It's a vacant lot now, but Los Angeles officials hope to turn the former brownfield site downtown into a cluster of "green" manufacturing businesses to meet the region's growing demand for solar and wind power and other clean technologies.
The proposed CleanTech Manufacturing Center would be established on a city-owned 20-acre parcel in an industrial area near the intersection of 15th Street and Santa Fe Avenue, south of the 10 Freeway and west of the Los Angeles River.
The development, which city officials say could accommodate as much as 1 million square feet of industrial space, would essentially function as a green industrial park and incubator.
Officials are looking to generate jobs and turn a tattered pocket of Los Angeles into a hotbed of environmentally sustainable companies.
"We are rolling out the green carpet . . . for visionary clean-tech companies and sustainable green manufacturers that will call Los Angeles home," Mayor Antonio Villaraigosa said Tuesday.
The plan is to offer tax breaks and other financial incentives to attract businesses to the site, which the city hopes will become the centerpiece of a so-called CleanTech Corridor along the Los Angeles River.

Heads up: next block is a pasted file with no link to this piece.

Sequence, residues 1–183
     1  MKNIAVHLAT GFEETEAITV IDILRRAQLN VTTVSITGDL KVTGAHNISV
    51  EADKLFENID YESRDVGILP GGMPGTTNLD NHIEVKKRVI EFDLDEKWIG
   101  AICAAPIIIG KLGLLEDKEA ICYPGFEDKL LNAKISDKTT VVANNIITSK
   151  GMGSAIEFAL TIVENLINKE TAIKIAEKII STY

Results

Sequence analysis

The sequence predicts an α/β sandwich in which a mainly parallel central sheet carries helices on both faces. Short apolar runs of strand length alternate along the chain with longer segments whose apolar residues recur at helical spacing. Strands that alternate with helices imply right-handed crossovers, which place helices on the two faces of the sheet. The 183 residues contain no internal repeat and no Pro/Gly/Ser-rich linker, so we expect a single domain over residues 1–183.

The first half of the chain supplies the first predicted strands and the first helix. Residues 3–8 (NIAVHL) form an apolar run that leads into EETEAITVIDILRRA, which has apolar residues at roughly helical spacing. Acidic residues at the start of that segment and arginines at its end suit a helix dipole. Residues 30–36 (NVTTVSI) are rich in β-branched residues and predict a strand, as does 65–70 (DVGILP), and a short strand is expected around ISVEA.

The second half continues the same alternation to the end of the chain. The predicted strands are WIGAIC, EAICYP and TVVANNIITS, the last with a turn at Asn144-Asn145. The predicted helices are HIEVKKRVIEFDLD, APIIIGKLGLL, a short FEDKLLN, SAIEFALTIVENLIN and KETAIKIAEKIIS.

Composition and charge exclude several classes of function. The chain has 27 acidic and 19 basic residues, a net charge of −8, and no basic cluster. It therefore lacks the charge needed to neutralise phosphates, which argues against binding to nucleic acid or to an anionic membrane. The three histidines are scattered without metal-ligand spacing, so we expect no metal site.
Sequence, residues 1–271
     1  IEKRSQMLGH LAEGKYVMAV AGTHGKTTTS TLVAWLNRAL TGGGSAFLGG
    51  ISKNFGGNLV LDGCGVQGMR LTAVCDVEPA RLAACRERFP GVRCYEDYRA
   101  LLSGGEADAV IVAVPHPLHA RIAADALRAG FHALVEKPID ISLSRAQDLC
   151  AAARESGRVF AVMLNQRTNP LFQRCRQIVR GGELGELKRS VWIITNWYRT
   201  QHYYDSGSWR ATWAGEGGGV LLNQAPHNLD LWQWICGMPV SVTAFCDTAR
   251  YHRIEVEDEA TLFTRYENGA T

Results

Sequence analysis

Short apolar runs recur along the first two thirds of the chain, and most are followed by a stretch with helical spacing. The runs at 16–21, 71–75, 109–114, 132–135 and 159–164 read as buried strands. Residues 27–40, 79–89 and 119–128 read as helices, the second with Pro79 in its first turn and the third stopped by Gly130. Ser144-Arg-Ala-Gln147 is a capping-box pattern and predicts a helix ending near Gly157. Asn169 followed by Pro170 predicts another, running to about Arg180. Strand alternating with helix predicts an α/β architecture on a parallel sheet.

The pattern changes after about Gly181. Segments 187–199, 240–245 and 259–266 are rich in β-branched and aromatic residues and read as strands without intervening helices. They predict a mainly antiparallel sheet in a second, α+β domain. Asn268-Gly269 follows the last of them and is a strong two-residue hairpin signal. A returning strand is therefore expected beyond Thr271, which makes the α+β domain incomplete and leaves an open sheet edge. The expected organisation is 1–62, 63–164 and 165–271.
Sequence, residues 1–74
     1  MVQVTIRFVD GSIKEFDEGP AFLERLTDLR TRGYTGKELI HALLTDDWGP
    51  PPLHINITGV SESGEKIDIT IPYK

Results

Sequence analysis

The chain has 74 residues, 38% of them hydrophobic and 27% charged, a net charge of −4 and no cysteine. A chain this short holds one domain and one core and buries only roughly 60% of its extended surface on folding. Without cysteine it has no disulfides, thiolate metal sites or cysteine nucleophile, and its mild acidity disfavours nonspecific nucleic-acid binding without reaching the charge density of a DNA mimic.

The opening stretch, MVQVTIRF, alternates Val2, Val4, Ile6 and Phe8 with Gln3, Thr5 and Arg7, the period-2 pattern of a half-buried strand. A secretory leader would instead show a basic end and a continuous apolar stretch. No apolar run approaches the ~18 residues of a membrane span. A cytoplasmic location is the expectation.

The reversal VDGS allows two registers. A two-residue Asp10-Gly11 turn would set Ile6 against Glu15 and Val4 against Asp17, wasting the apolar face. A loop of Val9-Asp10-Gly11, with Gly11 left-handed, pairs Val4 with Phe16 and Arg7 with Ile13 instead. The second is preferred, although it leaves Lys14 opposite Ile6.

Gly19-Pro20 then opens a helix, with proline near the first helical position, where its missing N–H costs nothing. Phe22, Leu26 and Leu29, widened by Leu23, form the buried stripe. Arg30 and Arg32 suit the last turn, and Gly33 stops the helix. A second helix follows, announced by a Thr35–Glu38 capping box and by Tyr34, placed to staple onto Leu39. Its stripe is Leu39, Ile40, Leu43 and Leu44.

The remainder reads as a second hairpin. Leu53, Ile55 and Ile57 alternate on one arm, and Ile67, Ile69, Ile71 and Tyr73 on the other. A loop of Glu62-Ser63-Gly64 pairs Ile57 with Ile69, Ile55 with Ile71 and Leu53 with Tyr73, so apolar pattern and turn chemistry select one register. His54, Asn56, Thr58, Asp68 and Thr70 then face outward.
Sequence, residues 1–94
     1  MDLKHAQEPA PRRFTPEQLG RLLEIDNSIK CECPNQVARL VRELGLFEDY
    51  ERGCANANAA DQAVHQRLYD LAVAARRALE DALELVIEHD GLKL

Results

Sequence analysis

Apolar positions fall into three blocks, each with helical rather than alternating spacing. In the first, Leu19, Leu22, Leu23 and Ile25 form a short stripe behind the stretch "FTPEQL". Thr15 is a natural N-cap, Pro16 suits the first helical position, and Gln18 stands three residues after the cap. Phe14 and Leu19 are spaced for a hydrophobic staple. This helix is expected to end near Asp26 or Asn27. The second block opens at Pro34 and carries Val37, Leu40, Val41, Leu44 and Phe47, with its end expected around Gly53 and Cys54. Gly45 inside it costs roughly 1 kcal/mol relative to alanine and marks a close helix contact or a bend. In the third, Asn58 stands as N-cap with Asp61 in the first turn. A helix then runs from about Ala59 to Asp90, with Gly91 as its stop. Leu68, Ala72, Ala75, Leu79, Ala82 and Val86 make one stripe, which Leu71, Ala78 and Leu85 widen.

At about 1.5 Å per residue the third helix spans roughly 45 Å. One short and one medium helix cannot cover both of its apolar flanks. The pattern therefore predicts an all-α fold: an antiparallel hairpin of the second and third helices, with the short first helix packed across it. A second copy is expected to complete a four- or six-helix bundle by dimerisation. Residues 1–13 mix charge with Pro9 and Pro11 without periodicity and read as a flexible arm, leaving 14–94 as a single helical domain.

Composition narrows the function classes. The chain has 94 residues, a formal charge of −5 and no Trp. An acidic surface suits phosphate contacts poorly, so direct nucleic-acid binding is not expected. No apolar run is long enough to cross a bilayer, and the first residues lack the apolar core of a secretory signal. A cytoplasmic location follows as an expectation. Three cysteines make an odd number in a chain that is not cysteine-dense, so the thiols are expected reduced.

The city's Community Redevelopment Agency is going to shop the proposal directly to green businesses from now to the end of the year, then put the project out for bid in early 2009, said agency Chief Executive Cecilia Estolano.
She said the city planned to retain ownership of the land and that potential developers must come to the table with tenants in hand. Estolano said she expected the CleanTech Manufacturing Center's first companies to open their doors in 2010. She could not put an estimate on the cost of the development or the value of potential financial incentives that might be used to lure firms to the site.
The 20-acre parcel has a long and contentious history. Once home to a bus manufacturing plant, the site became contaminated with industrial waste, requiring an expensive cleanup.
Subsequent efforts to put a garbage incinerator and a state prison there raised the ire of community groups, which successfully defeated those projects.
Whether green tech can revitalize the neighborhood remains to be seen. Creating "green collar" jobs in depressed blue-collar areas is generating a lot of buzz in development circles, but so far not a lot of employment.
But Tom Soto, managing partner in Los Angeles-based Craton Equity Partners, said renewable energy and clean technology held tremendous opportunity for investment firms such as his.
"The silver lining in the dark cloud of economics we're living through right now really is clean tech," Soto said. "You'd be hard-pressed to find another sector with the velocity of growth and job creation that's occurring right now."